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COP TALES: Still tough after all these years

Cop Tales are true stories as told by law enforcement officers from all over the country. The stories are told in the first person. The actual officer’s initials follow each story.

Still tough after all these years

When I was the commander of a highway patrol office, I purposely selected the office by the front lobby so I could hear what went on every day. One day, the front desk officer told me that an older, retired officer lost patience with him and hung up on him. All the officers knew I had a policy to make sure we took extra care of our retired personnel, so he wanted to let me know about it.

The officer told me that he was being inundated with people at the front counter and several phone calls when an 85-year-old retired highway patrol officer called the office to find out some information. The officer put him on hold for longer than usual and when he got back on the phone, the retiree gave him a hard time about waiting so long. The officer, who was already running out of patience with the day, told the retiree to keep his pants on. The retired officer hung up the phone.

Ten minutes later, the front door slammed open and that 85-year-old officer stormed in and confronted the front desk officer with, “Are you the snot-nosed kid who disrespected me on the phone?” We calmed him down and I became very close with that man for the next few years and spent the last days of his life with him.

- BS

New respect

While working with the highway patrol, I arrested a young man for driving under the influence (DUI). On the way to the jail, I got him to talk and he told me he was a member of a local known gang. He told me he had done things that he was not proud of, but would not say what they were. Before leaving the jail, I told him to stay out of trouble and we shook hands. A while later, while on patrol, I observed his car and he was driving. I decided to pull him over just to say hello and to see how he was doing. As I approached, I saw he had three men with him. I told him that I just wanted to say hello and see if he was doing OK. He seemed surprised that I would stop him just to say hello. The three passengers did not say a word. We said our goodbyes and he drove off.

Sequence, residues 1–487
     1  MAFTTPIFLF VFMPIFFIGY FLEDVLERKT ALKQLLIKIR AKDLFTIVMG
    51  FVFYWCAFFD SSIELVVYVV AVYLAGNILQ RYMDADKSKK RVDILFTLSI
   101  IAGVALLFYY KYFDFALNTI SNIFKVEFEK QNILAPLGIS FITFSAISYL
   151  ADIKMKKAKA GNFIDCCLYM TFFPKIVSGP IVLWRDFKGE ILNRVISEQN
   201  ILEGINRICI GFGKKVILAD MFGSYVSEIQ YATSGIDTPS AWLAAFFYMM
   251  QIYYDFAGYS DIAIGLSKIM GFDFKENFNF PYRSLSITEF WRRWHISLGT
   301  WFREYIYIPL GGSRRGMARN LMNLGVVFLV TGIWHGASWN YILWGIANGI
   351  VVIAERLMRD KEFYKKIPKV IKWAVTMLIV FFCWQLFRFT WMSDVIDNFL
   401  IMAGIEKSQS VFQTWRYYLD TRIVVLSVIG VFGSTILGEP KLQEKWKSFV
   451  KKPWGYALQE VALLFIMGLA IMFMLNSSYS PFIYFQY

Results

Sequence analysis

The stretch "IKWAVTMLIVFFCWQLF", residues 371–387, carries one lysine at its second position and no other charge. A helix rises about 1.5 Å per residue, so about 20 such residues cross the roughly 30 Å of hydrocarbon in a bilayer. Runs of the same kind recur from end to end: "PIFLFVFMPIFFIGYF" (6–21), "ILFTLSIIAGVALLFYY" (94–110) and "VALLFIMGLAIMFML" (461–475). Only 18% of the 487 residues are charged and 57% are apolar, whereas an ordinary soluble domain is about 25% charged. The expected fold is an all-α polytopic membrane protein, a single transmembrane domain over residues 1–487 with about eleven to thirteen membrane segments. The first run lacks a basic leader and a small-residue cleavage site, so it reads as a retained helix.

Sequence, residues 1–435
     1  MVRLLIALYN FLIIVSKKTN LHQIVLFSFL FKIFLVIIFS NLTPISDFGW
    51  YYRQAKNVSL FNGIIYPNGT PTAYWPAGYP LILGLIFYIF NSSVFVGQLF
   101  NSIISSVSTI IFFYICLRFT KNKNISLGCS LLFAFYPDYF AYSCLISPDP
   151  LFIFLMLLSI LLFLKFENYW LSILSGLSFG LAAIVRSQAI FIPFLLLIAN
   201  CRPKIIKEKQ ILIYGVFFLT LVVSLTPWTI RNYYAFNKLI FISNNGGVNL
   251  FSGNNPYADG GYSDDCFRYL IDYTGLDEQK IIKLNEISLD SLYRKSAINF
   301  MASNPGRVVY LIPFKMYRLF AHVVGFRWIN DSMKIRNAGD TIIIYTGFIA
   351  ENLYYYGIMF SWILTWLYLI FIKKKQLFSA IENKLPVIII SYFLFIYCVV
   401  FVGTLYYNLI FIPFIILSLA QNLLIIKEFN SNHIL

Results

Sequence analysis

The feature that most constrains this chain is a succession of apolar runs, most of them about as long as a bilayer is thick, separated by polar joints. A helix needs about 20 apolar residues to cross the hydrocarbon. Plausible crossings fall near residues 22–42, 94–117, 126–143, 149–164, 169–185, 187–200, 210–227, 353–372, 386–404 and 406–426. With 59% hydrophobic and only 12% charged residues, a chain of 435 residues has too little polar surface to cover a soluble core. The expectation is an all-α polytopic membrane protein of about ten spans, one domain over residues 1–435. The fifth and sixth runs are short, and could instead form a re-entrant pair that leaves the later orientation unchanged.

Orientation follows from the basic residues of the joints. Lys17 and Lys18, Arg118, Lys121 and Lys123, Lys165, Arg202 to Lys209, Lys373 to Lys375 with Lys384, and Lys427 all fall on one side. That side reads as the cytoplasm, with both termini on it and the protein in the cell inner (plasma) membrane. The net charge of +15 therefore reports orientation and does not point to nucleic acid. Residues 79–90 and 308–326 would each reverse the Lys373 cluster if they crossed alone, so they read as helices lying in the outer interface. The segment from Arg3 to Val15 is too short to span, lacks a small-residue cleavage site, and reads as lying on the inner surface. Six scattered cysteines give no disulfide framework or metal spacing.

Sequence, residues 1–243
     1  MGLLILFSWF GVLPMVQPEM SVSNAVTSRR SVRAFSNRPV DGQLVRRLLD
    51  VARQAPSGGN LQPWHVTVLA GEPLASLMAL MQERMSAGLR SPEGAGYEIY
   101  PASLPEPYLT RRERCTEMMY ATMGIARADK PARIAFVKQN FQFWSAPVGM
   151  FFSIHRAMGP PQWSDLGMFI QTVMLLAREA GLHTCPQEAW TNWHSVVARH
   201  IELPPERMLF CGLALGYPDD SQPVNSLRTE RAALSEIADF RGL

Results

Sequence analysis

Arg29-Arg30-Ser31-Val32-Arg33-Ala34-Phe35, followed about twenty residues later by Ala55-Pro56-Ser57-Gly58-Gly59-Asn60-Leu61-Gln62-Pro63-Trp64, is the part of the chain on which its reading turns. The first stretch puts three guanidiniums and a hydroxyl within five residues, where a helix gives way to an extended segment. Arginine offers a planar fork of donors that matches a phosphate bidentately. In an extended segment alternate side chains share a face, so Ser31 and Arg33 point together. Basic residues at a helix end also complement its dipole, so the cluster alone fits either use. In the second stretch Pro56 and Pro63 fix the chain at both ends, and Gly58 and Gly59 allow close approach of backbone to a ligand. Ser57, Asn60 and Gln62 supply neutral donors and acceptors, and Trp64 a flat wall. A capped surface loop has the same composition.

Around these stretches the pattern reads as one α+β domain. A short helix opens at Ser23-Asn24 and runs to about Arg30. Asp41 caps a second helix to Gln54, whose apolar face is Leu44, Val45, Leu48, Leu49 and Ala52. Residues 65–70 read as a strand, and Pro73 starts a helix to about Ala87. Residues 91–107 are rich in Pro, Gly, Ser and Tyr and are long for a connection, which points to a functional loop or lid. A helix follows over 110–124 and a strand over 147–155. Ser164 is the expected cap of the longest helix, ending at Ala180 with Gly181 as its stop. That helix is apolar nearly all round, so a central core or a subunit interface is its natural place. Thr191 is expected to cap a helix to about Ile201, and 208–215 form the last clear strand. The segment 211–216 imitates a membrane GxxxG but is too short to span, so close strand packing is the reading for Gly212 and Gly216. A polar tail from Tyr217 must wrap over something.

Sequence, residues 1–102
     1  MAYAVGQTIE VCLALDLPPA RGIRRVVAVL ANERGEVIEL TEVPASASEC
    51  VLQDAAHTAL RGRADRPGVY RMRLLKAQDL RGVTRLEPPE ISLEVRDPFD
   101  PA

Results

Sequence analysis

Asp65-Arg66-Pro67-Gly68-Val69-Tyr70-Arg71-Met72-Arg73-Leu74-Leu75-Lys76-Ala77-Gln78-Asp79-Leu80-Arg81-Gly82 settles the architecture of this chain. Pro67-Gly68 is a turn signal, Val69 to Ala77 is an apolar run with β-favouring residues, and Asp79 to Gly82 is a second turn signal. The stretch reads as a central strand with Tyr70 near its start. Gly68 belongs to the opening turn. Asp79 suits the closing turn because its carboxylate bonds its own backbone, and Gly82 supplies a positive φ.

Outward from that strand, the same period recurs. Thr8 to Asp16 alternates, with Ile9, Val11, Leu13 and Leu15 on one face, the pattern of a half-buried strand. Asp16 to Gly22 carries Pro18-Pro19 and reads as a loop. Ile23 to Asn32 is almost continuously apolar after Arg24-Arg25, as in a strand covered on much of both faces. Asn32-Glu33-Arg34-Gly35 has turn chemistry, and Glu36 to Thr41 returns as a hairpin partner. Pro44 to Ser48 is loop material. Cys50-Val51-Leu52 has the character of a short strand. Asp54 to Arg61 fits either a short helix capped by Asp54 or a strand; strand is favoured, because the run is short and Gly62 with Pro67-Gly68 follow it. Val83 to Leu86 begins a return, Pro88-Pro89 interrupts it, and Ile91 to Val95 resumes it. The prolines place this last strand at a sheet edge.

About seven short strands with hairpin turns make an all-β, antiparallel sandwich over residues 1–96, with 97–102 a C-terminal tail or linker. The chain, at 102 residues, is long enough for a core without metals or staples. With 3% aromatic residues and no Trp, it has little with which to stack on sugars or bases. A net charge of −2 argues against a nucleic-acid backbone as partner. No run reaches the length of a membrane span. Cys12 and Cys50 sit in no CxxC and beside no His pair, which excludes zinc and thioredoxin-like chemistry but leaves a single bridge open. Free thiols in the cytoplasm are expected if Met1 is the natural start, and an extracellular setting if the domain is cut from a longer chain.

Years passed and I had retired from the highway patrol. I was on a treadmill in a health club and a man walked up and asked if I remembered him. He reminded me that he was the one I had arrested and then later pulled him over to say hello and see how he was doing. He told me the three men in the car with him were fellow gang members and they all had guns hidden in their hands and were ready to use them if I tried to arrest him. He also told me he had left the gang, got a good job and had a family. We shook hands once more, and he turned out to be a man I learned to respect. 

- JB

I was there

Cop Tales recently published my story about the many wonderful memories of being the highway patrol Santa Claus. It brought back a flood of very good ones. There is one memory that is very vivid. One that whenever I try to talk about, it brings a huge lump to my throat and tears to my eyes.

I was helping a local tow company do their “Hayride with Santa” at the local children’s home. Before the ride, I was taken to see some of the children who were too sick to take the ride. There was this beautiful little girl who was about 3 feet tall and around 4 years old. She was clutching her dolly and wearing a red full-length bathrobe. I knelt beside her, put my arm around her and asked in my best Santa voice, “What would you like for Christmas?” She replied with a tear and a plea, “I just want my mommy and daddy.”

The home does not tell anyone why those children were there, but at that moment I realized I knew the answer. She was the sole survivor of a fatal accident that killed her parents. I knew that because I investigated that accident a few weeks earlier. I cried then and I am crying now.

- JH

Brian Smith served four years in the U.S. Marine Corps, and retired as an assistant chief with the California Highway Patrol. He resides in Bakersfield. If you have a personal “Cop Tale” to share, please contact Smith at bmsmith778@gmail.com.

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  • Deaths: 1,828

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  • Source: Kern County Public Health Services Department